This week sees the beginning of several new columns here at Heave Media, including Bit Slap, in which Joe Anderson discusses whatever video game-related topic tickles his fancy. This week, he looks at the enduring phenomenon of Modern Warfare.
Over the holiday, I had the stark realization that my cousin has become a swearing adolescent on Xbox Live. I don’t fault him for it. Much like being a teenager, being vulgar to strangers is an ugly but otherwise important step in the life cycle of any gamer. They grow up fast. It’s a surprisingly short distance between First Communion and having a gaming handle that articulates how one feels about fat chicks (spoiler: he’s not a fan).
And, like everyone and their dog, he plays Call of Duty: Modern Warfare. Here at Heave, editor and renowned masturbator Dominick Mayer posed me an interesting question, one he no doubt came up with between furious bouts of self-pleasure: What about Modern Warfare has allowed it to take off the way it has? I mean, everyone plays it. Modern Warfare has replaced Halo as the definitive bro game of choice.
Modern Warfare employs what I call a dangling carrot system. A gamer’s playtime is rewarded with XP that unlocks guns and perks, which, in turn, fuels an incentive to keep playing. This is becoming increasingly common in modern games, and it’s not necessarily a bad system. Players feel a correlation between work and reward and it makes sure the game continues to feel like a good use of one’s time.
Granted, a dangling carrot is not a substitute for actual substance in a game. For something like Zynga’s Farmville, the dangling carrot is the game. You can’t really get better at Farmville; you can only invest more time and accumulate more resources until your farm is way better than your other Facebook friends’ farms save for your one spinster aunt, because let’s not kid ourselves here: she doesn’t have anything else going for her.
But Modern Warfare has substance and isn’t merely a grind fest. It has a pretty expansive level-up and customization system integrated into a mechanically sound shooter. Although I’m not a huge fan of the Modern Warfare series, it does a great job of accommodating new players while at the same time allowing skilled players opportunities to succeed. Unlocking new weapons and perks aside, skilled players’ kill streaks are rewarded with UAV sweeps, helicopter support and air strikes, that sort of thing.
At the same time, new players who end up being target practice for the whole match are still rewarded with XP for simply playing. This helps offset the frustration of being knifed by XxSmokeBlunts6969xX. The dangling carrot system lets new players work towards goals even if they find themselves ineffective in game from time to time.
The livelihood of any online game’s community hinges on two things: the acquiring of new players and ensuring existing players stay dedicated. One without the other can make a game’s population unstable. Even gamers who have invested insane amounts of time into a single game will, eventually, move on to something else. Which is why there needs to be a steady stream of new players getting their feet wet. These new players, in turn, become similarly invested and invest time into the game.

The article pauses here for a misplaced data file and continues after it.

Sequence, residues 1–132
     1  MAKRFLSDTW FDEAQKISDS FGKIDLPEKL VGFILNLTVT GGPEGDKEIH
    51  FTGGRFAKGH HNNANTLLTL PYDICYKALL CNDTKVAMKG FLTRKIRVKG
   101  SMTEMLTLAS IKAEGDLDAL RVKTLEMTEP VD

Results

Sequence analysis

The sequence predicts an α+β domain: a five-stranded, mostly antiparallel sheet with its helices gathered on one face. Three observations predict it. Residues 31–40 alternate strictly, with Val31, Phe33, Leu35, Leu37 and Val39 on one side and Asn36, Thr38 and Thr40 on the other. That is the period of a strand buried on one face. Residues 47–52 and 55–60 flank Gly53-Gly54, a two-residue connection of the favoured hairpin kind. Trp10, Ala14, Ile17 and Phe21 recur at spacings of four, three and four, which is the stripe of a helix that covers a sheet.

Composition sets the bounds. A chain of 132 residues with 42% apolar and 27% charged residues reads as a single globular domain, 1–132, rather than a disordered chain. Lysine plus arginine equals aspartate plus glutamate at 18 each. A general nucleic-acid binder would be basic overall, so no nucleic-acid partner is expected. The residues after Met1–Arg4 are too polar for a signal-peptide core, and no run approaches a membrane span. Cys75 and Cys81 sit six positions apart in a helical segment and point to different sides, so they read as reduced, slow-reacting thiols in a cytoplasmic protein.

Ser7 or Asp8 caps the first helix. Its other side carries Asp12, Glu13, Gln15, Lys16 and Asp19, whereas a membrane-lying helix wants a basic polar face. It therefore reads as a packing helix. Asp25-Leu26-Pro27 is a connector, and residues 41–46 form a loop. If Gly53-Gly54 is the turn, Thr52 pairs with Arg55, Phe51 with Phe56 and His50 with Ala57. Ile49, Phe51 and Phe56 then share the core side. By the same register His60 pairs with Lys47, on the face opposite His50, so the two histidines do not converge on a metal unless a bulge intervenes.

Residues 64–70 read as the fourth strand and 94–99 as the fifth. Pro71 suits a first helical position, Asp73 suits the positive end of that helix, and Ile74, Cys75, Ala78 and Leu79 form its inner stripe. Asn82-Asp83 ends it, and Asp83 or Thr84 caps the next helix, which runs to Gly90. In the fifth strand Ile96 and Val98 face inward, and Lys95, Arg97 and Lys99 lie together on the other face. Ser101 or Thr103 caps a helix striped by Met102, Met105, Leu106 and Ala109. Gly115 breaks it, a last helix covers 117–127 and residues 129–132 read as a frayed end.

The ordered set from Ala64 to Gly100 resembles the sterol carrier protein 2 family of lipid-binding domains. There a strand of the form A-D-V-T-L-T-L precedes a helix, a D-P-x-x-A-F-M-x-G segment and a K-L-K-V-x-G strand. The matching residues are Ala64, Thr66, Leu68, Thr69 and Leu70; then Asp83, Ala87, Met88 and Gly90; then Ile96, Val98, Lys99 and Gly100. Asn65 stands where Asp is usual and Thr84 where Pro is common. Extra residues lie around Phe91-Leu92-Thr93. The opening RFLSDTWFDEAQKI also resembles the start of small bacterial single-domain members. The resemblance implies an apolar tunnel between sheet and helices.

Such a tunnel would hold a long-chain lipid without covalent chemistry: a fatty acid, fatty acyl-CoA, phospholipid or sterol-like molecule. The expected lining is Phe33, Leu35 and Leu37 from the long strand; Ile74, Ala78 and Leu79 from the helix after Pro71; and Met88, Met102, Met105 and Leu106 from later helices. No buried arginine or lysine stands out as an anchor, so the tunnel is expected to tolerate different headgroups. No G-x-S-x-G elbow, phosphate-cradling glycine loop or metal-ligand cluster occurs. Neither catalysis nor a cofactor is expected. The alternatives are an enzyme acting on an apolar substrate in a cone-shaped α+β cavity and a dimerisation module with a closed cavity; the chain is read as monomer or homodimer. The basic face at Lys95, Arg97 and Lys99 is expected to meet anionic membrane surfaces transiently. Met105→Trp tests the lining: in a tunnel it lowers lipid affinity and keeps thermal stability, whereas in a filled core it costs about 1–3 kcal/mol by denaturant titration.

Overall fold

Last year, I bought Unreal Tournament 2004 on Steam. I bought it when it originally came out but had since lost the disk. I had been pretty good at the UT series and was feeling nostalgic. As the game’s name indicates, it’s an older game and I was concerned no one would still be playing it.
Well, people were still playing. Long story short, I was everybody’s bitch.
I quickly realized the only people still playing UT2004 were good. Like, it was their job. I changed servers quite a few times, in an attempt to find other players closer to my skill level. But no. Any game I joined underwent a dramatic shift. The other players stopped going punch for punch with each other and instead raced to see who could find and kill me the fastest.
What’s even funnier is that there was no trash talking. Everyone’s discussion continued unabated as topics ranged from players’ personal lives to Christina Hendricks’ boobs. Even though I always have much to say on the latter subject, I was focused on not dying. I don’t know how they found time to type as they were killing me.
After about six hours of a concentrated effort to get better, I came to terms that I spent money to get kicked in my e-penis. I haven’t touched the game since, but I assume the online situation is the same: a small group of highly-skilled and dedicated players in an environment that is not accommodating for new players.
And don’t take this as me complaining because I scraped my knee when I tried to play with the big kids down the street. What’s worth noting is that there are plenty of people that good at Modern Warfare 3 but there is no shortage of new/newish players willing to have a handful of less than heroic games if it means unlocking that next gun. And, on top of the dangling carrot, entries in the Modern Warfare series come out so quickly that players don’t even get a chance to get bored before the next one hits stores.